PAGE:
• use some dates and terms.

Knowledge and understanding of events, people and changes in the past (year 4)

Pupils:

  • show knowledge and understanding of some of the main events, people and changes studied

  • begin to give a few reasons for, and results of, the main events and changes.

Historical interpretation (year 4)

Pupils:

  • begin to identify some of the different ways in which the past is represented.

Historical enquiry (year 4)

Pupils:

  • use sources of information in ways that go beyond simple observations to answer questions about the past.

Organisation and communication (year 4)

Pupils:

  • present recalled or selected information in a variety of ways using specialist terms.

 

Performance at the end of year 6 is characterised by pupils showing the following attributes in their work.

Chronological understanding (year 6)

Pupils:

  • place events, people and changes within a chronological framework

  • make appropriate use of dates and chronological conventions such as BC, AD, century and decade.

Knowledge and understanding of events, people and changes in the past (year 6)

Pupils:

  • show factual knowledge and understanding of aspects of the history of Britain and the wider world

  • use knowledge and understanding to describe characteristic features of past societies and periods

  • identify changes within and across different periods

  • describe some of the main events, people and changes studied

  • give some reasons for, and results of, the main events and changes.

Historical interpretation (year 6)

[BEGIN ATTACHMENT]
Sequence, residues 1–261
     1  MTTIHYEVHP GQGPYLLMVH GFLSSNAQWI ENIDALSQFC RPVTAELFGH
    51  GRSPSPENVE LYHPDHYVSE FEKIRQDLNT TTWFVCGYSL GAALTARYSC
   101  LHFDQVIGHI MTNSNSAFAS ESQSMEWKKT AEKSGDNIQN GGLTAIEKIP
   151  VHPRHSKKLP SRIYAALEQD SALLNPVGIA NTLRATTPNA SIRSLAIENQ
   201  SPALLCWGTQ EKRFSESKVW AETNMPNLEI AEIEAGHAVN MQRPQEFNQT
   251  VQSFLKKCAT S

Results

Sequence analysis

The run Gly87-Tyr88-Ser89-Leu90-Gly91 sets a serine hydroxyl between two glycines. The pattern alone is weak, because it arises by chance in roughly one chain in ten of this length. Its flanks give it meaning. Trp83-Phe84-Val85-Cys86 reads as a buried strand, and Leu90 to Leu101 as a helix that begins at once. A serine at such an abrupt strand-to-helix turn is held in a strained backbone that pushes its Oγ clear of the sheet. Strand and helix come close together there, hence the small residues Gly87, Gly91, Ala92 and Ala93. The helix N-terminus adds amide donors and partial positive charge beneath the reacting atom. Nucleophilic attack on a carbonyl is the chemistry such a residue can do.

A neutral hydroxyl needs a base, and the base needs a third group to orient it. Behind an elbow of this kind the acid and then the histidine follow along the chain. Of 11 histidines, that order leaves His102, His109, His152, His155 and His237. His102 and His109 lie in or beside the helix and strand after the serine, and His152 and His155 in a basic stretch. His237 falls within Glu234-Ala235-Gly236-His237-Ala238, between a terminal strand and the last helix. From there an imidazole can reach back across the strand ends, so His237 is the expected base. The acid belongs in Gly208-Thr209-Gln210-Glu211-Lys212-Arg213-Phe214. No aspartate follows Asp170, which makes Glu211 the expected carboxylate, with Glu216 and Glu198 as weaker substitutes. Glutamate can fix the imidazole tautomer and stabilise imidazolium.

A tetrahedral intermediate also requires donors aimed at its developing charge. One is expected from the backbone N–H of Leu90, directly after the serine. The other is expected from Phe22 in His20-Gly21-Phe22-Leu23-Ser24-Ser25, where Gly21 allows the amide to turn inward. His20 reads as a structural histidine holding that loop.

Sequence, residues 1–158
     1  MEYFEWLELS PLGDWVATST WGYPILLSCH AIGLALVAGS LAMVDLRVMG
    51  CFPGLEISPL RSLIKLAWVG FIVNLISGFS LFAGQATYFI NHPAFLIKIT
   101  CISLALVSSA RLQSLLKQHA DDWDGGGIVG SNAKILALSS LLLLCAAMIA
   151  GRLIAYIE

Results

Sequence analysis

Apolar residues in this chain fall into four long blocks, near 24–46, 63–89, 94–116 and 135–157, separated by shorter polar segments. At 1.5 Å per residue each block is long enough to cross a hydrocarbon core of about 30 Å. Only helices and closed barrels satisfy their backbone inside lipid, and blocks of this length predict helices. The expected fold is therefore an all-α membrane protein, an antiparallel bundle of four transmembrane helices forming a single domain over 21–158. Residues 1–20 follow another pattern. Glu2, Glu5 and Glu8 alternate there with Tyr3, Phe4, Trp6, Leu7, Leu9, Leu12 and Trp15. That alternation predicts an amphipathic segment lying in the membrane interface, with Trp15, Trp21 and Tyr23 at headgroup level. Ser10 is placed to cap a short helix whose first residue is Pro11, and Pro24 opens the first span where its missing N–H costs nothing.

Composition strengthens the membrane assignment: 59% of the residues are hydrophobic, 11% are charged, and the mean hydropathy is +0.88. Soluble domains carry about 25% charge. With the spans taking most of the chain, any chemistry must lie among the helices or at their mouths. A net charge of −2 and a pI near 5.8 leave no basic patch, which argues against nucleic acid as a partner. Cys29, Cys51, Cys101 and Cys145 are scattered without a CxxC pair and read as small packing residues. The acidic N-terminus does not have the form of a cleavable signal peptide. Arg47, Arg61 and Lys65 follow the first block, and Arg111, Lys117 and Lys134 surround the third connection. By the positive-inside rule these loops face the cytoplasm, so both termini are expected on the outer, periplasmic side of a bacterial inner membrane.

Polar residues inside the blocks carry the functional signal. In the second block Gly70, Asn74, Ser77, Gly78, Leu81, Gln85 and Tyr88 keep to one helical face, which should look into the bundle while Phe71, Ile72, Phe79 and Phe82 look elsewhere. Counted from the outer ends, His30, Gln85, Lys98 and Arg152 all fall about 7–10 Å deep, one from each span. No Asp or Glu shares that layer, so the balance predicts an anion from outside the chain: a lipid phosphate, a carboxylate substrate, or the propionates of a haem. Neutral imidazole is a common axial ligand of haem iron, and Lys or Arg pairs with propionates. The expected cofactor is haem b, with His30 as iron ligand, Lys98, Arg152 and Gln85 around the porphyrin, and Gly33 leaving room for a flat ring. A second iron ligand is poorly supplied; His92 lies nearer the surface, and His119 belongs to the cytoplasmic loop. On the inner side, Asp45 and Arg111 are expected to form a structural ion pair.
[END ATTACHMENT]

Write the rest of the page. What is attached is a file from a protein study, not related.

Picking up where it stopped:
Pupils:

  • show some understanding that aspects of the past have been represented and interpreted in different ways.

Historical enquiry (year 6)

Pupils:

  • begin to select and combine information from different sources.

Organisation and communication (year 6)

Pupils:

  • begin to produce structured work, making appropriate use of dates and terms.

About the attainment target

The attainment target in history sets out the knowledge, skills and understanding that pupils of different abilities and maturities are expected to have by the end of each key stage. Attainment targets consist of eight level descriptions of increasing difficulty, plus a description of exceptional performance above level 8. Each level description describes the type and range of performance that pupils working at that level should characteristically demonstrate.

The level descriptions provide the basis for making judgements about pupils' performance at the end of a key stage.

The majority of pupils are expected to work at:

  • levels 1-3 in key stage 1 and attain level 2 at the end of the key stage

  • levels 2-5 in key stage 2 and attain level 4 at the end of the key stage.

By indicating expectations at particular levels and by charting broad progression in the subject, the level descriptions can also inform planning, teaching and assessment. Please note, the level descriptions are not designed to be used to 'level' individual pieces of work. 

This content relates to the 1999 programmes of study and attainment targets.

Quick links

Back to top